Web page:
The quote is from Richard Heinberg’s essay today:


    Separately, I have likened the thermodynamic models as indicating how big the economic bubble can expand. There are two broad modeling arenas. The first is solar energy, including photosynthesis and including gravity and chemical energy (e.g., cation exchange capacity). The second is industrial energy, mostly fossil fuels.

    Looking first at solar, we find that life (which is a kind of economy) evolved over billions of years and finally included not only bacteria but also the myriad of life forms we see when we look around us. The productivity of a rainforest is now enormously greater than that same land would have been a few billion years ago. This teaches us that it is not only the raw energy that is an important factor in determining the size of the economic bubble, but also that intricate relationships and physical evolution of infrastructure are critical.

    A few hundred years ago the second economic bubble began to inflate. That bubble was maintained and grew mostly due to the exploitation of fossil fuels, but also because of the increasing sophistication of relationships and the evolution of physical infrastructure. For example, cars came to be a huge economic factor only because our social structure evolved in the direction of specialization and global trade and because we invented roads and container ships and the like.

    But there is a crucial difference between the solar economy invented by Nature over billions of years and the industrial economy invented by humans in the last couple of hundred years. The solar economy was vitally dependent on recycling of raw materials and the passage of energy from lower to higher trophic levels. The industrial system, by contrast, was mostly a ‘use once and throw away’ system.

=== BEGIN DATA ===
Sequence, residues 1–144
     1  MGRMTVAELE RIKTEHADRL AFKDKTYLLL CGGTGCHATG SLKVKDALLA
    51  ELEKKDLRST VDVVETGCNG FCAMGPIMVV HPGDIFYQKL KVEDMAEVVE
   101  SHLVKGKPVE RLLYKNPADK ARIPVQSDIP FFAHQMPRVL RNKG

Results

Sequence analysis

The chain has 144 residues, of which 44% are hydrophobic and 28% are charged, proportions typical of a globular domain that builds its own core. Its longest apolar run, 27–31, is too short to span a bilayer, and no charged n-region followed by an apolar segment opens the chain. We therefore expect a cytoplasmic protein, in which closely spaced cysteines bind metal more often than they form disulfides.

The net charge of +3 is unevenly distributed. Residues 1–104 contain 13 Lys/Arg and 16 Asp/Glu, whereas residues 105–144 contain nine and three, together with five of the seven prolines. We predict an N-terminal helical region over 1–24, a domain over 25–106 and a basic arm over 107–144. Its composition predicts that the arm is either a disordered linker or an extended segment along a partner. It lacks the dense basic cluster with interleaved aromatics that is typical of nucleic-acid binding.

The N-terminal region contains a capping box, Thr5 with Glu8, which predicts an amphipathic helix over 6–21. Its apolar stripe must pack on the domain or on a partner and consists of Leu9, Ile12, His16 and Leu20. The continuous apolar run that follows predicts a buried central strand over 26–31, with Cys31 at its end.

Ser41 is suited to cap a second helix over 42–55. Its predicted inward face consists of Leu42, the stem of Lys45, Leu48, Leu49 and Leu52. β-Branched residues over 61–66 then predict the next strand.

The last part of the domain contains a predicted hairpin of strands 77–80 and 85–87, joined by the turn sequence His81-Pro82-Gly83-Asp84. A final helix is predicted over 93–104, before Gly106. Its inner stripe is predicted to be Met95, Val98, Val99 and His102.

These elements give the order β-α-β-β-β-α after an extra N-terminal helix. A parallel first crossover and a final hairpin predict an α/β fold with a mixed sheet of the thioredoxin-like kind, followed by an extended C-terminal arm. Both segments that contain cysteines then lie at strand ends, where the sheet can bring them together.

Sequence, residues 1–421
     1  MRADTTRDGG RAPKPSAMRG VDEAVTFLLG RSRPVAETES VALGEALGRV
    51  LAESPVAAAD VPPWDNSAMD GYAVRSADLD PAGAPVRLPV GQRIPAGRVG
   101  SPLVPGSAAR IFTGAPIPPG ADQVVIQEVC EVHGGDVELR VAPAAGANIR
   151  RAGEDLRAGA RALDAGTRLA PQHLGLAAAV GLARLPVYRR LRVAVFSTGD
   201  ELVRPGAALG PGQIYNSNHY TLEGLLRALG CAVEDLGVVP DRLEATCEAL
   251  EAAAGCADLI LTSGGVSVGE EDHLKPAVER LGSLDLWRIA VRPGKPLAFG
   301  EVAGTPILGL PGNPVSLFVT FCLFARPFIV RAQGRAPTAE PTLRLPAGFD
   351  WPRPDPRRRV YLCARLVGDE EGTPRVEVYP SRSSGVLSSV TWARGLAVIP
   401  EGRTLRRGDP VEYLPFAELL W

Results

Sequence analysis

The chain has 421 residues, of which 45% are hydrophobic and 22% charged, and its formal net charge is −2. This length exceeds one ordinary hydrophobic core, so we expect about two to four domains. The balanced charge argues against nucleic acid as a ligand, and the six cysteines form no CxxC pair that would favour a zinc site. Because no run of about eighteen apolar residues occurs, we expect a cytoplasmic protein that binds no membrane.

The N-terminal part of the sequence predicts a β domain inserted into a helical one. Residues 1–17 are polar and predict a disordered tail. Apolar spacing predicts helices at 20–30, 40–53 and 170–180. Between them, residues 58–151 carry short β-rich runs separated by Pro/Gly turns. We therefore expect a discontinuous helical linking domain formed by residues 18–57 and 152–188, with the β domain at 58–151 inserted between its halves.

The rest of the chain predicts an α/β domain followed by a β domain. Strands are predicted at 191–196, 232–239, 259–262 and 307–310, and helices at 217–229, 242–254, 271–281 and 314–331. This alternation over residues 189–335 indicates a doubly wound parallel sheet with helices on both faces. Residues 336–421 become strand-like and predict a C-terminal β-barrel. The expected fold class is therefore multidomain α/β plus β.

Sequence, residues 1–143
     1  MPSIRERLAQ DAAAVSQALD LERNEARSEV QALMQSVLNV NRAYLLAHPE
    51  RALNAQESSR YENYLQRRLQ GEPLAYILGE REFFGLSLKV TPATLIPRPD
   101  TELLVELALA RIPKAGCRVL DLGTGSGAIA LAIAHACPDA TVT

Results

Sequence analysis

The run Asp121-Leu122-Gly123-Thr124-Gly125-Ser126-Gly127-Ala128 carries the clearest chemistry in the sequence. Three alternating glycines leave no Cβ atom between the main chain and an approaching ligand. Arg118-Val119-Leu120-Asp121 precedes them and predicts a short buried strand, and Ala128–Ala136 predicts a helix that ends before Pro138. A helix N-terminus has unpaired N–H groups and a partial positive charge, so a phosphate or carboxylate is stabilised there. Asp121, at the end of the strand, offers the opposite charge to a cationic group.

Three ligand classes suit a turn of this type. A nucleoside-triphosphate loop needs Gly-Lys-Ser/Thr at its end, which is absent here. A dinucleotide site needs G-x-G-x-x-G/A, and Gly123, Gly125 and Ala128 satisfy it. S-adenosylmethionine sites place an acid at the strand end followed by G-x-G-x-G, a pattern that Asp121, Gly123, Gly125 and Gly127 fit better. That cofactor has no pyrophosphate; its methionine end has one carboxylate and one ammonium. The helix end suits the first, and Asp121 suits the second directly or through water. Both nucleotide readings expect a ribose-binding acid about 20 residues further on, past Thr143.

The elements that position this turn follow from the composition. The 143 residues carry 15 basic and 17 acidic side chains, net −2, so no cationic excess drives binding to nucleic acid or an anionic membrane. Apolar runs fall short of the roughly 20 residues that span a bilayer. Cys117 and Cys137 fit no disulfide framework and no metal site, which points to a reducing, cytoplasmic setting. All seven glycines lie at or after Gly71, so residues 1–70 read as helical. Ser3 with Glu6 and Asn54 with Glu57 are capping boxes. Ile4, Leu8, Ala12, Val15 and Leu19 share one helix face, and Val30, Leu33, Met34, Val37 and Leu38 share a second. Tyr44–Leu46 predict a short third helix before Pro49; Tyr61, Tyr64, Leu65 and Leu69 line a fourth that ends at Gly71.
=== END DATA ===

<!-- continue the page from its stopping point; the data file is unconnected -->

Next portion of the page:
From a thermodynamic perspective, the solar economy can be reasonably stable (i.e., support life) for billions of years.

    BUT, Heinberg claims, the industrial energy based economy is not stable and is now eating its own children.

    Ellen MacArthur Foundation has just completed a multi-week series of broadcasts and events aimed at converting the industrial system to a recycling and passing energy up trophic levels model. Whether the effort can succeed when time is running out is a good question.

    I have previously noted the thermodynamic models put forward by Tim Garrett and BW Hill. Both of those models assume that the ‘use once and throw away’ characteristics will remain in place. Both come to the conclusion that the size of the economic bubble sustained by fossil fuels is about to shrink rather drastically…or is already shrinking. If the size of the bubble is shrinking, then one can deduce all sorts of things about how humans will be impacted. Most of those things are not what most people would call ‘good news’.